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Child Abuse, Past, Present and Future

April is child abuse awareness month. This is an excerpt from Informally Educated.

 

In 1873, nurse Etta Wheele was making rounds in a New York City tenement. She had heard stories about a girl who was being held hostage and abused by her foster family. After talking her way into the apartment, she caught her first glimpse of nine-year-old Mary Ellen.

The child was barefoot, half clothed and half starved. A cat of nine tails lay nearby, and her arms and legs showed the effects of its use. Her face bore the look of suppression and misery. Over the next two months, Mrs. Wheeler reported the child’s plight to police and charities trying to save her, nothing was done. As there were no laws to protect children, no laws were being broken.

She contacted Henry Bergh, the president of the Society for the Prevention of Cruelty to Animals, which had been started nine years earlier. Bergh convinced a judge to allow the society to intervene.

“I saw the child brought in wrapped in a horse blanket, at the sight of which men wept aloud,” said Jacob Riis.

Mary Ellen’s body was one large bruise, and her face wore scares and slashes caused by her foster mother’s scissors. Using the only tools available, which were laws placed on the books to protect animals, they saved Mary Ellen. This was the first case of removal, and New York City was the first to establish a child protective agency.

Mrs. Wheeler and the suffragettes then went on a campaign against child abuse. Their programs were rooted in prejudice as most were women of wealth and privilege. However misguided their efforts, something was being done.

Throughout history, children have been viewed as property or as possessions. In many cases, people had as many children as possible, to provide the free labor needed to run the farm of business. Until the Civil War, children were being used as slave labor throughout the world. While slaves had some rights and were considered valuable for their monetary worth, children held no such value. A war was fought in this country to end slavery, while children worked in factories and died every day from starvation and worse.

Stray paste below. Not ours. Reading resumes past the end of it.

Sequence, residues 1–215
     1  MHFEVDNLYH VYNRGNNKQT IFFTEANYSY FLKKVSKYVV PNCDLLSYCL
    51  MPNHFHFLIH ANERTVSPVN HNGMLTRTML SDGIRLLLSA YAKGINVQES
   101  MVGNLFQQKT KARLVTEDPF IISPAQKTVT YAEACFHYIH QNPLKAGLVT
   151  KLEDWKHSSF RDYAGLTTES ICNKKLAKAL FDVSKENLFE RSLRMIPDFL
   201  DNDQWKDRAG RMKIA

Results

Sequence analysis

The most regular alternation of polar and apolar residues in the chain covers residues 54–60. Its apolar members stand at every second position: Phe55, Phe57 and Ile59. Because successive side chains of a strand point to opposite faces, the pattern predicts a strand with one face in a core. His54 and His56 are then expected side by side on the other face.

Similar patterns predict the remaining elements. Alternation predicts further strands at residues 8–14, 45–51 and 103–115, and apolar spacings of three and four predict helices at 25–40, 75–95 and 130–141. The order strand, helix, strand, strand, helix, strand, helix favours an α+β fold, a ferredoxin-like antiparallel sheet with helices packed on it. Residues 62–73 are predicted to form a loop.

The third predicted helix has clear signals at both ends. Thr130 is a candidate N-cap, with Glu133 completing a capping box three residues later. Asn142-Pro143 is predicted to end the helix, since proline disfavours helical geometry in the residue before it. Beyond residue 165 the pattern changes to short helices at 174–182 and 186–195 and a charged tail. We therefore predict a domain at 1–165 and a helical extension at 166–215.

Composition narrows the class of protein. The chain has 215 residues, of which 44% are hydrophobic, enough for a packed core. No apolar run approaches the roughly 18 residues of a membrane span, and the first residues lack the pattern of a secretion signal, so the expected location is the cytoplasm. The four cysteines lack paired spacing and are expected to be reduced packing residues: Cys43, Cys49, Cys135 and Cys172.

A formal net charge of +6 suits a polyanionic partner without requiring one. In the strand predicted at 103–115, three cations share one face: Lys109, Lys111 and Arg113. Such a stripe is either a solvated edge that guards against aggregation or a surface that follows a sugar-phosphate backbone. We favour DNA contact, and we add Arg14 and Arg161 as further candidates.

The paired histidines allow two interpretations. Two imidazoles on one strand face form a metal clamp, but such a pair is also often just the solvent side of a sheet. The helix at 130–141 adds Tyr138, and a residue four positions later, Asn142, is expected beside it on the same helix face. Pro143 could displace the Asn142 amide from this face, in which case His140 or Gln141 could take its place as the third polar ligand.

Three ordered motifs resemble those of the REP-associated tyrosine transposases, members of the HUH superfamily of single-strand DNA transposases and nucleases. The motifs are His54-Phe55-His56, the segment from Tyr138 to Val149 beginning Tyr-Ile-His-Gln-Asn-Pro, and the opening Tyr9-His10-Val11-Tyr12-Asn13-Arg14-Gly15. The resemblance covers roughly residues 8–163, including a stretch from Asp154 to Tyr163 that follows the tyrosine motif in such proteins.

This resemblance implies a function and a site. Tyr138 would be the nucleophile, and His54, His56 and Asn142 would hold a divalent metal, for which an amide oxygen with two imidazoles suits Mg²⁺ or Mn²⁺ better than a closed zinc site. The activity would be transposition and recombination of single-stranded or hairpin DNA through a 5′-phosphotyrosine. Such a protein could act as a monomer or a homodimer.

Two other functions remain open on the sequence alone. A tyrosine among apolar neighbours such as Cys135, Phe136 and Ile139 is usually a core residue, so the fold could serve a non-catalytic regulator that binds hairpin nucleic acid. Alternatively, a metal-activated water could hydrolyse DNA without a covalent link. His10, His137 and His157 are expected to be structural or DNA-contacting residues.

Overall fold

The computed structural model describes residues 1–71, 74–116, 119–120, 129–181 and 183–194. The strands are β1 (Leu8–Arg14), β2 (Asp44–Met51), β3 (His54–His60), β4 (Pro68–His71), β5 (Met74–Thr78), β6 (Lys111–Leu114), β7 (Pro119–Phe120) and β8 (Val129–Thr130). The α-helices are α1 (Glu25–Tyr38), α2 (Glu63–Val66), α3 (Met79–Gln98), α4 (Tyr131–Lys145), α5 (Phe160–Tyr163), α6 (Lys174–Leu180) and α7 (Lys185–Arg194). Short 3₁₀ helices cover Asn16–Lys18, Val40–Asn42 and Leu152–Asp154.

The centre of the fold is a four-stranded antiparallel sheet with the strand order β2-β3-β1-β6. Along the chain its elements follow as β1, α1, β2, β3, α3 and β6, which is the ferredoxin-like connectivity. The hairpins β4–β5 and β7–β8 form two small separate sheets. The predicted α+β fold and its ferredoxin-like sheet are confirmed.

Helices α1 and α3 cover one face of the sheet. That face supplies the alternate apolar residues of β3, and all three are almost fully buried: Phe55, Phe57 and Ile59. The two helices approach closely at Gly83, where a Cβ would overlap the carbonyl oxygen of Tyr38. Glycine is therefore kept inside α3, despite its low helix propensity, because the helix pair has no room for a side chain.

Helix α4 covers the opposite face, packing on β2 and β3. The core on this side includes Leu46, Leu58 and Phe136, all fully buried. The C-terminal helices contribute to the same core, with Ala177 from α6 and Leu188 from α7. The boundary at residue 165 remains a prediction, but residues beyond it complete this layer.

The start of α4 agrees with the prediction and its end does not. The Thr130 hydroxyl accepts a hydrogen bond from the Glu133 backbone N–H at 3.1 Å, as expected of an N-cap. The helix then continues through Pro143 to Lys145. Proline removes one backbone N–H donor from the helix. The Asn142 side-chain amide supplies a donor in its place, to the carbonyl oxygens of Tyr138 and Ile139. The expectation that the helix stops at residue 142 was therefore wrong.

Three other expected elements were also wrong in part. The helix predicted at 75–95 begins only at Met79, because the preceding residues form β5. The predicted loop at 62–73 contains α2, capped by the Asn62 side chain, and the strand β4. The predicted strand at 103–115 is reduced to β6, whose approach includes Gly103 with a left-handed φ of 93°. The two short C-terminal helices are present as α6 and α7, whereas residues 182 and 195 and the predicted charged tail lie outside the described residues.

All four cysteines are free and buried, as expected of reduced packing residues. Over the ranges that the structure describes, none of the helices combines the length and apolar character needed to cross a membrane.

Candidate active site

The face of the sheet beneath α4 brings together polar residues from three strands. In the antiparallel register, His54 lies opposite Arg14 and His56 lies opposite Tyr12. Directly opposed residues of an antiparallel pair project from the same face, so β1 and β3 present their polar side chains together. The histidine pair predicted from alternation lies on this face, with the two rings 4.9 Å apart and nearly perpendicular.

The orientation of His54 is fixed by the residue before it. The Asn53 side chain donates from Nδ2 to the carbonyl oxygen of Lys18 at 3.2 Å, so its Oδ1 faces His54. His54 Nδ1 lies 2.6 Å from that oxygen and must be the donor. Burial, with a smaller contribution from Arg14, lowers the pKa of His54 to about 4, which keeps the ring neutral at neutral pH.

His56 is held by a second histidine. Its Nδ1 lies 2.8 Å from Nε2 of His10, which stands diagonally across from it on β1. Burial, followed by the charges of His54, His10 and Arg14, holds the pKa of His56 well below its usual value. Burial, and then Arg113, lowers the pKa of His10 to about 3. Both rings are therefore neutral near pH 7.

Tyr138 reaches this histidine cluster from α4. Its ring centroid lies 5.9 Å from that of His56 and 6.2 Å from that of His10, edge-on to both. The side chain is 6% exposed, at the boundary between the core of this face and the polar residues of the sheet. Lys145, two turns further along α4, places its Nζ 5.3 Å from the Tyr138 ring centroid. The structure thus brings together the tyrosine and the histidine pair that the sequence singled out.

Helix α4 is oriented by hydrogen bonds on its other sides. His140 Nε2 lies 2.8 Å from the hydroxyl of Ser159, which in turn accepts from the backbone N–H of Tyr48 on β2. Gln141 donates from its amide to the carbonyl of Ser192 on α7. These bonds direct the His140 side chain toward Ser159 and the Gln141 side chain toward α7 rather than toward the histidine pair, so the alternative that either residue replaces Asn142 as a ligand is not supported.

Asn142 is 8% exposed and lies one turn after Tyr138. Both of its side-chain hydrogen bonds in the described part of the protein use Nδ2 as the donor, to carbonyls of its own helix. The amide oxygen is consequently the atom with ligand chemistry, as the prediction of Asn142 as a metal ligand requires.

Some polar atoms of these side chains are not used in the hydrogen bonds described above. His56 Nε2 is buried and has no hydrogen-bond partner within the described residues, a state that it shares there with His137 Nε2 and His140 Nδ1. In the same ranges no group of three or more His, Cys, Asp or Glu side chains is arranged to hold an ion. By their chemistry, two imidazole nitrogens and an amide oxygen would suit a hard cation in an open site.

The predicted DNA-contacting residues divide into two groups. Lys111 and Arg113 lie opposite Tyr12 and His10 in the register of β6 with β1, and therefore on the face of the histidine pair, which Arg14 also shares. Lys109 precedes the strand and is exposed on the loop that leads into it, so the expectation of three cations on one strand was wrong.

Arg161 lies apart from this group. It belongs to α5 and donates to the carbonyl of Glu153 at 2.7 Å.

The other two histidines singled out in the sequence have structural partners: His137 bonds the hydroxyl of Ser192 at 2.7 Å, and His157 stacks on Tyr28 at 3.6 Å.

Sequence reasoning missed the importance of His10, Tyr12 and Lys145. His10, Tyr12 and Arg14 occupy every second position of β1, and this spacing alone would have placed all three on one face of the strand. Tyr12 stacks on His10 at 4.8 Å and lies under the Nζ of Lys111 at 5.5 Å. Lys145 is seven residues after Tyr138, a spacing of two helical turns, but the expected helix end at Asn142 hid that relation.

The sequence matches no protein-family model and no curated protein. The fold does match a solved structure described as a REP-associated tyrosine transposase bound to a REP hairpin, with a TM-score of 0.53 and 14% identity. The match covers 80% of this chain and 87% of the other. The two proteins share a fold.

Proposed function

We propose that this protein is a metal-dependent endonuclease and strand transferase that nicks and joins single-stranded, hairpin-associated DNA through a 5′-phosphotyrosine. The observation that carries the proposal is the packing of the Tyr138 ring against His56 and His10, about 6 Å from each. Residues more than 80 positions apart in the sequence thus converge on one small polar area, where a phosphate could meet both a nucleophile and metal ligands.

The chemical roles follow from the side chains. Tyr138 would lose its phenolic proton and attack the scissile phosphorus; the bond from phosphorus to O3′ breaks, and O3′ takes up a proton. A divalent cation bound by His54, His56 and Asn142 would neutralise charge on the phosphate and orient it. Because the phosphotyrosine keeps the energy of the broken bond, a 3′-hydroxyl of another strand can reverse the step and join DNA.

If you became an orphan before the Civil War and for some time after, your chances of living to be old enough to escape the orphanage were slim. After the Civil War, children were taken from families at an alarming rate. To be placed in foster care or an orphanage, at that time, was akin to being placed in prison. The entire affair was a good old boy system which further victimized those placed into it. Since most of those being taken were children from the poor, immigrant neighborhoods, no one cared.

Then child abuse advocacy faded again. Throughout World War I, the Depression and World War II, it was ignored. The family needed to be a strong, sacred institution so children took one for the country.

Child abuse advocacy mirrors social revolution, and as it had begun during the years following the abolishment of slavery, it resurfaced during the Civil Rights movement. In the early sixties, laws were passed requiring doctors and teachers to report suspected child abuse. During this time it was discovered that X-rays could clearly distinguish between normal broken bones and those broken during abuse. For the first time, child abuse could be proven.

With the freedom of the Cultural Revolution, sexual abuse was discussed for the first time. Studies determined that all forms of abuse ran across our entire society, crossing all cultural, economic and sociological boundaries. Abuse was no longer believed to afflict only the poor, which was never true.

What followed was a veritable witch hunt. For years, allegations of abuse destroyed children and parents alike. While much was accomplished, many innocents were persecuted. Many lived in fear of a system, still rife with better than thou people. Children and adults, mostly poor, feared and loathed it. We are still dealing with the backlash of that witch hunt today.

Last year there were 3 million reported cases of abuse in our country. Admittedly, the studies which produced these statistics indicate there are two unreported to each reported case. That means 9 million cases in America last year. Of those, only nine percent resulted in charges. Out of that nine percent, only nine percent resulted in a conviction. There are five children beaten to death in our country, each day, at the hands of those they know, love and trust. Their average age is three years old.

The child protection service agencies have now become reactionary entities. So many laws were placed into effect, after the witch hunts. In many cases, their hands are now tangled in red tape. By the time a child can be removed, many times that child is damaged beyond repair. They will visit the horrors they endured upon another generation of innocent children.

The thousands of social workers and foster parents are not at fault. They are far outnumbered and poorly supported. These jobs are the hardest on earth and those who do them are unsung heroes.